Social media warning from our Attorney

imageAgents need to exercise caution when participating in social media outlets. There have been a number of cases involving inappropriate posts that resulted in proposed discipline by the Service. Although afforded some protection by the First Amendment, social media posts are still subject to review by the Service to determine if there is a connection with a BPA’s job and, if so, whether such posts evidence a violation of policy. Some common problem areas:

•Posts that evidence a violation of law or policy,
•Posts that show the faces of BPAs or detainees
•Posts that publish Service policies, manuals, directives or other internal documents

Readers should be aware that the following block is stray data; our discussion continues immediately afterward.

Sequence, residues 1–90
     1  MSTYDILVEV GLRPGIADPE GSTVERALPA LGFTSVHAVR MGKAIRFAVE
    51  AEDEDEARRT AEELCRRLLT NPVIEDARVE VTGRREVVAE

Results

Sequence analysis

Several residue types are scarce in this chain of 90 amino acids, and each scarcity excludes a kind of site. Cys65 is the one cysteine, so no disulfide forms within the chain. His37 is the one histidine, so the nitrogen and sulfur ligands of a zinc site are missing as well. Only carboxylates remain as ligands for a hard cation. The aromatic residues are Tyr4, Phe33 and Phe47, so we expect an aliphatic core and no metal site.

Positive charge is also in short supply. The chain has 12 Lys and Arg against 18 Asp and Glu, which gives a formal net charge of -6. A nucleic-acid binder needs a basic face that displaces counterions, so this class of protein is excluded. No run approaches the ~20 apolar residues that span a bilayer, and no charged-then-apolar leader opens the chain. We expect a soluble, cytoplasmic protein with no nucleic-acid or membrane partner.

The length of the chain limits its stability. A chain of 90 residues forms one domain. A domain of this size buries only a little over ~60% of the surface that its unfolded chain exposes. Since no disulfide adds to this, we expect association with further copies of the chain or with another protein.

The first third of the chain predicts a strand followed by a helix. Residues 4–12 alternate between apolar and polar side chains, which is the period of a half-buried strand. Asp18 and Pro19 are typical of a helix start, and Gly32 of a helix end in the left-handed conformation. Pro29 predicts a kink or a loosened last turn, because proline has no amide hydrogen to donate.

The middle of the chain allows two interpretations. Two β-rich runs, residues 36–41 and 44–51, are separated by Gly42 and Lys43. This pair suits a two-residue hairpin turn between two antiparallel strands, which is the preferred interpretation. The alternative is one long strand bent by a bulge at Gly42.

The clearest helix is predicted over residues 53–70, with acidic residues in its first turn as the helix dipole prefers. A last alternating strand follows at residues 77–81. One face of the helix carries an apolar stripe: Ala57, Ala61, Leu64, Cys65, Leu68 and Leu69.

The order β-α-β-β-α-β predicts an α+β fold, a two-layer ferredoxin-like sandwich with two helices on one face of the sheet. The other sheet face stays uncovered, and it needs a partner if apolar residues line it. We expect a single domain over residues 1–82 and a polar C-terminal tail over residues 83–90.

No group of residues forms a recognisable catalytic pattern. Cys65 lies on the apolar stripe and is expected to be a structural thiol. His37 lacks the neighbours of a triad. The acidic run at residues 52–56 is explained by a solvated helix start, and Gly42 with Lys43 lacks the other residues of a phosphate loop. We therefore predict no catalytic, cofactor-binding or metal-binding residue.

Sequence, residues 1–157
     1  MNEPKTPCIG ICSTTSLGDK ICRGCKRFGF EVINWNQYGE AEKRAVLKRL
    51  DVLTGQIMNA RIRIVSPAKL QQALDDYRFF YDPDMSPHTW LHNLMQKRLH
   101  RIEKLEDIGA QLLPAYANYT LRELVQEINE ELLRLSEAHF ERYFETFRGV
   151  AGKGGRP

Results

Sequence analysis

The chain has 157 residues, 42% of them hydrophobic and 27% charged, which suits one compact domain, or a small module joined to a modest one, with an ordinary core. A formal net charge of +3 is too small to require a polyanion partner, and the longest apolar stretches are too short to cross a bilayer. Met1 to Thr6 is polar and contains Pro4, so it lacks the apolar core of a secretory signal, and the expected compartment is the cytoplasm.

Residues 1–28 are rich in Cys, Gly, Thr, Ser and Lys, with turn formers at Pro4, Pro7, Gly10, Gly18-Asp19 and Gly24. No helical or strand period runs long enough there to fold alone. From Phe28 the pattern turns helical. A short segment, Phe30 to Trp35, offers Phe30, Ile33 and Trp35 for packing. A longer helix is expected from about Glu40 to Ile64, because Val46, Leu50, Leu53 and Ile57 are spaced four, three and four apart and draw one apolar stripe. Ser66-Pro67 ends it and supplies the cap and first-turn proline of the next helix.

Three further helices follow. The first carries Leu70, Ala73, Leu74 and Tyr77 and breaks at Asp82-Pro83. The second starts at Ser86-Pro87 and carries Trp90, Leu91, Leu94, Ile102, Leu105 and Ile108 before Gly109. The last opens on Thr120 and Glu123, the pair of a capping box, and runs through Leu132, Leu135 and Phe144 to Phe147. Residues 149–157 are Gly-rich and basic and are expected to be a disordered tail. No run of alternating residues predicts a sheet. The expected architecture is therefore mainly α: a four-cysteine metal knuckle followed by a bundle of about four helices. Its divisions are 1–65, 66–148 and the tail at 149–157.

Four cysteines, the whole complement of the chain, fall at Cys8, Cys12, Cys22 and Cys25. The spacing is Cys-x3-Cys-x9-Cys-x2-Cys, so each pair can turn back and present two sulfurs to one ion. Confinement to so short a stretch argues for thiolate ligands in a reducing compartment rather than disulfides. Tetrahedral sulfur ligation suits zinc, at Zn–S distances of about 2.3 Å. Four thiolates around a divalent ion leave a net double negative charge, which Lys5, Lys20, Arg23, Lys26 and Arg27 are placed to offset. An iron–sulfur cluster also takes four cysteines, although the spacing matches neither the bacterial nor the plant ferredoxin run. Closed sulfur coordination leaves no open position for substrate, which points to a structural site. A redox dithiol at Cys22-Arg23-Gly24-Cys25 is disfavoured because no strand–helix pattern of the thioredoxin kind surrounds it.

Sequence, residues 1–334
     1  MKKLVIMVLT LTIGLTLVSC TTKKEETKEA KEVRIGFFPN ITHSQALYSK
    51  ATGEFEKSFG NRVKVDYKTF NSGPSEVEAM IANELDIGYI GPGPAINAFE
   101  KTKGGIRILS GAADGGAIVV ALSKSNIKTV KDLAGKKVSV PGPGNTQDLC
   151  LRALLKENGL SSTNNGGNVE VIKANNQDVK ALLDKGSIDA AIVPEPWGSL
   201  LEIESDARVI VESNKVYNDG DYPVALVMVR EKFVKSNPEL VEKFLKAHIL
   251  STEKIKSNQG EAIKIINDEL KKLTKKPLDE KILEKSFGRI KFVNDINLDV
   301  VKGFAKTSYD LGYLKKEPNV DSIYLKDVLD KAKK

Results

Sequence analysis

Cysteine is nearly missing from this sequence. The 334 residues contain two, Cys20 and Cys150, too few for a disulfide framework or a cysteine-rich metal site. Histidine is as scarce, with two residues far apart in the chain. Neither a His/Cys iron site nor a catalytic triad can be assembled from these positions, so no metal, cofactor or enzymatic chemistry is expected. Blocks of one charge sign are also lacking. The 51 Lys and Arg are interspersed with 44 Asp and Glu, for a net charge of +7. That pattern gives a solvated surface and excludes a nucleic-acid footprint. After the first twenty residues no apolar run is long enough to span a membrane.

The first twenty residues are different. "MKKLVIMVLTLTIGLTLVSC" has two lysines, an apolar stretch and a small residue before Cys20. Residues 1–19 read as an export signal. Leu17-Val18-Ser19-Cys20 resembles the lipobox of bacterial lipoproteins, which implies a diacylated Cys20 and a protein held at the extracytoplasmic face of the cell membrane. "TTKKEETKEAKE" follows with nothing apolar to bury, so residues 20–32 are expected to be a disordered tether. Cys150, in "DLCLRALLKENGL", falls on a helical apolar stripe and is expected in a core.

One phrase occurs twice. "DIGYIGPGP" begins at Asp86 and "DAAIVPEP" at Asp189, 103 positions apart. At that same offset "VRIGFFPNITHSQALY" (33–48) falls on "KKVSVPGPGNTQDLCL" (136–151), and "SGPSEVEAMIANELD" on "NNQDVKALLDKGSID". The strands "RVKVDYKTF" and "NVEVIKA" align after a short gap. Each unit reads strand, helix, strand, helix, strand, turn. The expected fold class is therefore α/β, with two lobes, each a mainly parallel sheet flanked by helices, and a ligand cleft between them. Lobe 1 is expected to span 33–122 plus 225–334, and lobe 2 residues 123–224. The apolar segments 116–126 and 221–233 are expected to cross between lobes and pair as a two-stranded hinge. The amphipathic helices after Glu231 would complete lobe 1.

•Posts displaying BP uniforms or insignia in a sexual manner, usually on dating sites
•Posts that publicize a previously unknown incident that is embarrassing to the Service
•Posts that express a bias or hatred to identifiable group

BP Management is of the opinion that beyond a handful of agents, such pages cannot be secured because there is no way to know who is being invited and who might be motivated to alert the media or an immigrant rights group. BP Managers also worry that BPAs can be impeached in court proceedings by their own social media postings. While sometimes funny, such postings can also be interpreted as evidencing a bias or worse against the groups encountered in the field. Union members should review the current CBP social media policy and they should act with caution when using social media. The question to ask: “What would happen if I hit the send button and the images and statements are made public?” As an NBPC lawyer, I can tell you that I’ve represented many agents who were put in the embarrassing situations by either a social media post or text message.

Be careful out there.

– Jim Calle

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